I love the expression “breathing room.” It’s about making space for yourself expressed as a fundamental human need: breathing.
When we are overworked or overwhelmed, we instinctively try to create space in our lives to “catch our breath” (another great expression!) before we continue on.
I just finished Maybe You Should Talk to Someone: A Therapist, Her Therapist, and Our Lives Revealed by writer and therapist Lori Gottlieb. It’s a page-turning account of her life as a therapist and as a client. This is an excellent book for therapists, coaches, social workers, and all other humans.
I thought I knew what therapy was — just like I felt that I knew what coaching was before completing a coach training program. There’s a prevailing belief even among those in the know than therapy is about fixing you. But it’s not that at all.
Therapy and its cousin coaching are about giving you breathing room, the space to consider your life and the stories that you have created to make meaning of your existence. People seek therapy and coaching because they need to move to a new place in their lives, and they need a guide, someone familiar with the terrain who can support them on this journey to the unknown.
There’s a great piece by Heather Plett on “Holding Space,” a concept familiar to many coaches, but unfamiliar and downright foreign to others. The simplest explanation is to allow people to occupy a space without judgment or opinion. You just let them be who they are at that moment. This breathing room enables people to unlock everything that has been closed up tight, to relax, to consider other possibilities, to reconsider their stories, to accept their innate worth.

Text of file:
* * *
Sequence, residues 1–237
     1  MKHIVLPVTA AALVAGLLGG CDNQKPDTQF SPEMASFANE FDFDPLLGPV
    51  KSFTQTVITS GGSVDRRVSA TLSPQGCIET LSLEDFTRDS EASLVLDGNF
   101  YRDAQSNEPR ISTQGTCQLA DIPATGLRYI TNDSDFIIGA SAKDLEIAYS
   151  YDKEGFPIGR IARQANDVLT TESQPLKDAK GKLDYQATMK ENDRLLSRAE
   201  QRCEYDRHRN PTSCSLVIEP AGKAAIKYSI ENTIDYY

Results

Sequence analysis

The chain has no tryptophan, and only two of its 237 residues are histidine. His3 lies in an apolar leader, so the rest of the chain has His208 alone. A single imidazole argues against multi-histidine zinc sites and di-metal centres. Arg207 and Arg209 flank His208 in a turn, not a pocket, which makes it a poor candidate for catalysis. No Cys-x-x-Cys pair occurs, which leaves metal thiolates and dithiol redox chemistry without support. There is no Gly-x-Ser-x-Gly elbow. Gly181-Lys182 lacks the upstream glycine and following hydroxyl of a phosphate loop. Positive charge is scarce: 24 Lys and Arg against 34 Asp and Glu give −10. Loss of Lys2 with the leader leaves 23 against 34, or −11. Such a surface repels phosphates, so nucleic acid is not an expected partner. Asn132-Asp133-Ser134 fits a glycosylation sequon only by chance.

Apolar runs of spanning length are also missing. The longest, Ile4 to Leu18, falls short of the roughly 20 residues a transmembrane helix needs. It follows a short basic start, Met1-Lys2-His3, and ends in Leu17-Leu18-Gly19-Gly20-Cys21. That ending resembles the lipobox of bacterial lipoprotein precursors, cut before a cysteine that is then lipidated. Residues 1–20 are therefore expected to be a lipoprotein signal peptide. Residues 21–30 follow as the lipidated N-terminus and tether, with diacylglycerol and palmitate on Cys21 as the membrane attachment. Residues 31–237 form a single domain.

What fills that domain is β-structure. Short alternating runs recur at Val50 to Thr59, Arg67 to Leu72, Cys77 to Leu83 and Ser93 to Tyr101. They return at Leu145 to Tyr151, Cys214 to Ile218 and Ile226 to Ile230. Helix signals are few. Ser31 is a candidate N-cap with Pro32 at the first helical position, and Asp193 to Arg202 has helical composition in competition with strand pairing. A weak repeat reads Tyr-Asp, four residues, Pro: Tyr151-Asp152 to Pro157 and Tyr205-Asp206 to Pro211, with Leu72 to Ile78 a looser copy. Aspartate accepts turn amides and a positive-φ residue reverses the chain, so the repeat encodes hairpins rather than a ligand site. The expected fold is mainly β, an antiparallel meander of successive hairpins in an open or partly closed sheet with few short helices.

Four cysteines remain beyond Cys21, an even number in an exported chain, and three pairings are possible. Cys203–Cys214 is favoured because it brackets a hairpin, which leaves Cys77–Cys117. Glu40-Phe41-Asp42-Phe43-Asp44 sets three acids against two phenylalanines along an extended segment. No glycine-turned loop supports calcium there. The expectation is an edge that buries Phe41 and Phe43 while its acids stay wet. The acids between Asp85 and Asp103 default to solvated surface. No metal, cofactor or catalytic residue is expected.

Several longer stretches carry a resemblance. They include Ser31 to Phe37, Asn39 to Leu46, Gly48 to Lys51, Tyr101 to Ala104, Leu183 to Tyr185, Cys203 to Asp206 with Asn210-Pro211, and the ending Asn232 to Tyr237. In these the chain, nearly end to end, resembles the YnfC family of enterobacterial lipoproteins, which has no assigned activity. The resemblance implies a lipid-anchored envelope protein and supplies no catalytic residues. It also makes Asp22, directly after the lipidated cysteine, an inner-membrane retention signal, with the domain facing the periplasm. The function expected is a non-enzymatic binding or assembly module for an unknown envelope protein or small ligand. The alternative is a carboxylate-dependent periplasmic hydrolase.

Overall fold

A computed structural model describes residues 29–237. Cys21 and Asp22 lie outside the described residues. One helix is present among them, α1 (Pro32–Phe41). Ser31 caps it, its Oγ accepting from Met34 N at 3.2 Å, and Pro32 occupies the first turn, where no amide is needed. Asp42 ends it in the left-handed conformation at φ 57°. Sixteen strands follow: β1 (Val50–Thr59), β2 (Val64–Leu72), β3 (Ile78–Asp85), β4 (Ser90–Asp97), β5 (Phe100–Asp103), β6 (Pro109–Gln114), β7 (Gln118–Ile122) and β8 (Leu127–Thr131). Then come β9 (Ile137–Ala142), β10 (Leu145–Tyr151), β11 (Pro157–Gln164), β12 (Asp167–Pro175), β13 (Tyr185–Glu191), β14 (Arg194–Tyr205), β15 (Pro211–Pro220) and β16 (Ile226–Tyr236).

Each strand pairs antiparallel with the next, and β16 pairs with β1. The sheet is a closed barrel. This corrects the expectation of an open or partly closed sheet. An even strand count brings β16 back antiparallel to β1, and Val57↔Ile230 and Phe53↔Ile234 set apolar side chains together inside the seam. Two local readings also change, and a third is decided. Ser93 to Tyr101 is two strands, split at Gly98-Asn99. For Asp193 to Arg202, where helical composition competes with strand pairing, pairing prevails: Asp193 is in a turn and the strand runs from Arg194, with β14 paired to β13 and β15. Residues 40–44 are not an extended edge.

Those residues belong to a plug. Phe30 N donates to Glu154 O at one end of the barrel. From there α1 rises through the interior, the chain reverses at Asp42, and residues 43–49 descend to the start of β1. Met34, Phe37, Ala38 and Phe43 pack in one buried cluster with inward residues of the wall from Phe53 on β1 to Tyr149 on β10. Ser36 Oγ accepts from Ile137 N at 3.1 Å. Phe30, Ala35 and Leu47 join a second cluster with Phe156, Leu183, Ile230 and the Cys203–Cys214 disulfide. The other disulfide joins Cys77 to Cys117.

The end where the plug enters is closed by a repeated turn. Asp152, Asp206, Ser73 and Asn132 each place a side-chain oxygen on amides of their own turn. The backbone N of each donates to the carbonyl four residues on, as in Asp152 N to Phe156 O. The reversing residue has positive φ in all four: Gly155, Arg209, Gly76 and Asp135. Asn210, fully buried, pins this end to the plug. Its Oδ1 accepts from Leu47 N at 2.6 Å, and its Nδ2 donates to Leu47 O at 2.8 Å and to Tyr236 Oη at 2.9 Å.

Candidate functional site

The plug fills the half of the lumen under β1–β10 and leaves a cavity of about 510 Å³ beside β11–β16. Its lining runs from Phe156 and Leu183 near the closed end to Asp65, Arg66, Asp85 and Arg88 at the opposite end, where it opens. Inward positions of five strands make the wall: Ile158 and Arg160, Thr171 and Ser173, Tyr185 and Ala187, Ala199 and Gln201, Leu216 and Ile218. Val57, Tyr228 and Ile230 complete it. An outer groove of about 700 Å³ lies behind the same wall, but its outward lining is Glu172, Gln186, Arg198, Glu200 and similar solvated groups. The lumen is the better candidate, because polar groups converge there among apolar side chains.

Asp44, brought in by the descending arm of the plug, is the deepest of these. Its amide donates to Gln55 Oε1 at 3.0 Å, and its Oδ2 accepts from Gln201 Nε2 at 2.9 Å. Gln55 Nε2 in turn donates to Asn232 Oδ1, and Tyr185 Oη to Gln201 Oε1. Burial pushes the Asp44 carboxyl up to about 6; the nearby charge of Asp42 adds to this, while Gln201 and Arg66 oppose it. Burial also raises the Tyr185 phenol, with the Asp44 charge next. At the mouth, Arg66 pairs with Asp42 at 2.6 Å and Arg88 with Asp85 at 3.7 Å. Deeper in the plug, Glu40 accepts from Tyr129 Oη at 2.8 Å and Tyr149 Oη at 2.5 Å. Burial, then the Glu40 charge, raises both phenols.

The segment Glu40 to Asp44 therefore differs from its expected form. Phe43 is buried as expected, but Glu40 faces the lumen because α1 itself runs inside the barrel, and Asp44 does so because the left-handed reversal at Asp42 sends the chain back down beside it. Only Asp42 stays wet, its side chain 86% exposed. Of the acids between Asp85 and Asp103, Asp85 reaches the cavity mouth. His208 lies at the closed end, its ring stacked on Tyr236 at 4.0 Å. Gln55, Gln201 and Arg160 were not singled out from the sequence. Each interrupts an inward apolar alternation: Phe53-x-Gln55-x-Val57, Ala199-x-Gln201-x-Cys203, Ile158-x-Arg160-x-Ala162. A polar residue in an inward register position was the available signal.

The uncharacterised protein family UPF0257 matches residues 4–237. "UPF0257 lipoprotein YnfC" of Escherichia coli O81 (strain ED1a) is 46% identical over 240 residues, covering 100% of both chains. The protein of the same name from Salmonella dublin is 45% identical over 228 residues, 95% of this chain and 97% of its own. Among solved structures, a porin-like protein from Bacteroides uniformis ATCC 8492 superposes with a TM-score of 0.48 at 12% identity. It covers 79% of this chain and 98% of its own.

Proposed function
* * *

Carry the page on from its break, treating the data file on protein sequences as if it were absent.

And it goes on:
One of the most beautiful expressions of this is in Taylor Swift’s song Lover:
“And at every table, I’ll save you a seat.”
I tear up every time that I hear that line. It’s the ultimate expression of love and belonging. It’s holding space.
If you want to learn about therapy and how to create breathing room in your life, I encourage you to read Maybe You Should Talk to Someone. To find a therapist in your area, visit the Psychology Today website.
If you want to learn about coaching, check out this article from Positive Psychology: 30 Proven Benefits of Life Coaching & Mentoring.
You can also reach out to me or any coach to learn more. There are multiple directories of coaching practitioners online, and most coaches offer a free 30-minute introductory or discovery call.
Take the next step. Let someone hold space for you and give you room to breathe.